Little classroom session for the groms and others who may not be familiar with this paddling/safety etiquette.
A rider on a wave has the right of way.
Paddling up the face directly in front of a rider not only may interfere with the rider’s ability to surf the wave, but it also puts the paddler in a vulnerable position of being hit or run over by the rider.
Check out some common textbook scenarios:
In the diagram, you can also see the last scenario where the paddler is down the line totally clear of the rider, where paddling up the face is fine – as long as the paddler shows some hustle to give the rider room to operate. This same concept also applies to the initial paddle out when entering a lineup.
Size Magnifies This Etiquette
Safe paddling direction gets more important as the surf size increases. On a heavy day the rider may have more momentum and the paddler should pay their dues by taking the brunt of the breaking wave on the head to demonstrate proper respect and not interfere with the surfer’s ride.
Paddle up the face in Hawaii, for example, and force a surfer on a wave to wipe out to avoid hitting you and you might find yourself in an uncomfortable situation.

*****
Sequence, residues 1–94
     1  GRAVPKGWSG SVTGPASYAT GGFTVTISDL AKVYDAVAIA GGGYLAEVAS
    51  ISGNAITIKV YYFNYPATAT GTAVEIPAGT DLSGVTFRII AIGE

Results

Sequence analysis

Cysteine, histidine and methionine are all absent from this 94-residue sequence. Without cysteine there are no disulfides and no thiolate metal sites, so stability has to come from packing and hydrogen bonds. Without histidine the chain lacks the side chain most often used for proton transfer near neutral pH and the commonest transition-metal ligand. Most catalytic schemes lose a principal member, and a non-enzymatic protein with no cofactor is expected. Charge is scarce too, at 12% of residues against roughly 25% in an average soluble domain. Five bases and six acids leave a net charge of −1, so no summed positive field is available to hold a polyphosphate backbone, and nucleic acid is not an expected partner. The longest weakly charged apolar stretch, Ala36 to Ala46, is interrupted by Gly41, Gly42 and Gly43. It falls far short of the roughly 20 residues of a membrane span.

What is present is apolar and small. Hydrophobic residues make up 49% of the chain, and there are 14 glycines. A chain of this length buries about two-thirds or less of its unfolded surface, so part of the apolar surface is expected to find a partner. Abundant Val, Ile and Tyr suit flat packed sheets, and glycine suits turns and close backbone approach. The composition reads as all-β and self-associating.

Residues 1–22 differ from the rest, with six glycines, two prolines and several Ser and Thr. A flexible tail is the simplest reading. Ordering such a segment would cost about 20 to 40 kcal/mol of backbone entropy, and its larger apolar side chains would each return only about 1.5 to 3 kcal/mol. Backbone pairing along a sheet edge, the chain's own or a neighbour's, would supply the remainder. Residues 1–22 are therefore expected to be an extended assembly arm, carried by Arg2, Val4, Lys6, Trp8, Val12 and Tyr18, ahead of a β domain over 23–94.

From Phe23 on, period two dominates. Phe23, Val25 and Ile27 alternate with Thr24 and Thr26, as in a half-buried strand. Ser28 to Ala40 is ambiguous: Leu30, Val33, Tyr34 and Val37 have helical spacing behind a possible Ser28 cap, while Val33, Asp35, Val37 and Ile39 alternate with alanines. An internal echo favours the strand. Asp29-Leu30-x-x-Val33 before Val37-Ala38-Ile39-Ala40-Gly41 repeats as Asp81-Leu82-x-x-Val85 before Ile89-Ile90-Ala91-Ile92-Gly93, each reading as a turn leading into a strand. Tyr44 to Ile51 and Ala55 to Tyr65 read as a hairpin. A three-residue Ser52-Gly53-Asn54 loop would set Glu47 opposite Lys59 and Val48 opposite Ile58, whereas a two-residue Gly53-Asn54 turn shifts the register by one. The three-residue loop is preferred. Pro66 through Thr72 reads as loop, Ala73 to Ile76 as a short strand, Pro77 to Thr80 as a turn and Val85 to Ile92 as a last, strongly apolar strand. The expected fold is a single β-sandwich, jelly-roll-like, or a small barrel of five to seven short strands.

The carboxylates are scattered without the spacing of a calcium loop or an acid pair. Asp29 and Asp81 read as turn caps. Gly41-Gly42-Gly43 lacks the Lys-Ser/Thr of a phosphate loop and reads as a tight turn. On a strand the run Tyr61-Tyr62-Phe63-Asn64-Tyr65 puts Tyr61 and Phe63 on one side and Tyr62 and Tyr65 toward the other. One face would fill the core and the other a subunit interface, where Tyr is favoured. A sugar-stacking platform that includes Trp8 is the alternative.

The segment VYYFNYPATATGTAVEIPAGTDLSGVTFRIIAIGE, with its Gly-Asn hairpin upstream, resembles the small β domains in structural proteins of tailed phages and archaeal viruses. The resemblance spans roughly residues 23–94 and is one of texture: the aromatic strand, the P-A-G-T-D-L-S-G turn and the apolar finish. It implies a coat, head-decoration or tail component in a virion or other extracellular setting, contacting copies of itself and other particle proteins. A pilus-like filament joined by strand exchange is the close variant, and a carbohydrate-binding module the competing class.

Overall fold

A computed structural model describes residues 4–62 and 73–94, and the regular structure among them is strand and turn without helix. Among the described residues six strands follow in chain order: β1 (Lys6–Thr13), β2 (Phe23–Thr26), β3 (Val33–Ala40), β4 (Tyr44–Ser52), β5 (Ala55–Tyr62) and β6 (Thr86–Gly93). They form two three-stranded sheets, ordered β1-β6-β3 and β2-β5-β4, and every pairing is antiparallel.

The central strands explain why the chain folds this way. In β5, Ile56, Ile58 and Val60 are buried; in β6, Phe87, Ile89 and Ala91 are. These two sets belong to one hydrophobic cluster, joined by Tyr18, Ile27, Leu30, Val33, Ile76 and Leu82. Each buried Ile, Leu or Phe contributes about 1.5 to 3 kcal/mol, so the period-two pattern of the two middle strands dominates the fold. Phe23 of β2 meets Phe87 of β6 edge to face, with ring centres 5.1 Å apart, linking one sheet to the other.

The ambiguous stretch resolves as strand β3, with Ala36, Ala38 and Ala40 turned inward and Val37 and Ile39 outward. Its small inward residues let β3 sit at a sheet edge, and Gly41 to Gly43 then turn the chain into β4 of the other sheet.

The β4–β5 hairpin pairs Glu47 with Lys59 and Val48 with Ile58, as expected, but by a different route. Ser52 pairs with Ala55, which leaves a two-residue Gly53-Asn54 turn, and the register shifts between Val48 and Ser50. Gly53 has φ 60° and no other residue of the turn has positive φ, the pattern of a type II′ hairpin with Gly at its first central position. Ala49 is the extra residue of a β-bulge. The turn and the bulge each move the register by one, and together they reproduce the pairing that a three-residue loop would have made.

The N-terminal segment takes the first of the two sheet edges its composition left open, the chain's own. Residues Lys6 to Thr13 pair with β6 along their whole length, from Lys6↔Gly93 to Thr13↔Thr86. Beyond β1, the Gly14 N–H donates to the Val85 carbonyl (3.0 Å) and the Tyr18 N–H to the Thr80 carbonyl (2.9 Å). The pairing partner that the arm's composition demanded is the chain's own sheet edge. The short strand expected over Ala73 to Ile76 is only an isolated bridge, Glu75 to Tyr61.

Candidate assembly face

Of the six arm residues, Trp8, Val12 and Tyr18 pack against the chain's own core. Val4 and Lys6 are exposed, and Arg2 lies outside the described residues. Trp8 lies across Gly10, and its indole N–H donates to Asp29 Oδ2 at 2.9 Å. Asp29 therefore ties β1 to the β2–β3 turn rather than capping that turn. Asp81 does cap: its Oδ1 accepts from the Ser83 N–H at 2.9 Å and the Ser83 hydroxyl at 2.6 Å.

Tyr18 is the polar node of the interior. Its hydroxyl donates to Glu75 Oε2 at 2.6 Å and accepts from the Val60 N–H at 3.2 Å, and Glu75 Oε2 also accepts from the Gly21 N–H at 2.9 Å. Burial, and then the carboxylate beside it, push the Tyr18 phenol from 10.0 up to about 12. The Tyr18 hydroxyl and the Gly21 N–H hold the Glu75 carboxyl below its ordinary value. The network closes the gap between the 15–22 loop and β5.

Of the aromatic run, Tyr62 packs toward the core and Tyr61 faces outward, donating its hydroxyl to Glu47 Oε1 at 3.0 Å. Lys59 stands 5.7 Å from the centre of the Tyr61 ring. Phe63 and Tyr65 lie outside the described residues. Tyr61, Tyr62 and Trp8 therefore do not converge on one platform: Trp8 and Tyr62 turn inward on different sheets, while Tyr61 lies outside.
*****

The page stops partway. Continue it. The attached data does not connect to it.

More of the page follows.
Of course, there are times when paddling up the face is unavoidable:
- the paddler’s just been injured prior and is slow to move
- the paddler’s still recovering from a wipeout or broken board
- the paddler makes a decision that just isn’t in sync with where the surfer goes on the wave
- the paddler has no other choice
EDIT: James wrote in and asked what a scenario would be where the paddle has no choice.
A couple of examples of when a paddler has no other choice would be:
- when there is a structure, exposed rocks, or cliff immediately adjacent to a peak and a paddler must head around the peak after a wipeout on or near the takeoff zone
- or maybe there is another paddler directly beside you closer to the peak that you’re unable to (or don’t want to) ‘push’ deeper toward the peak by angling your paddling direction toward the foam.
Things happen fast and sometimes there is no other option. The important thing here is to try to make the right decision as often as possible. It’s also good to weigh the risk and think of the safety of yourself and the surfers sharing the lineup.
Putting yourself in the rider’s position and you’ll appreciate when a paddler shows the same hussle.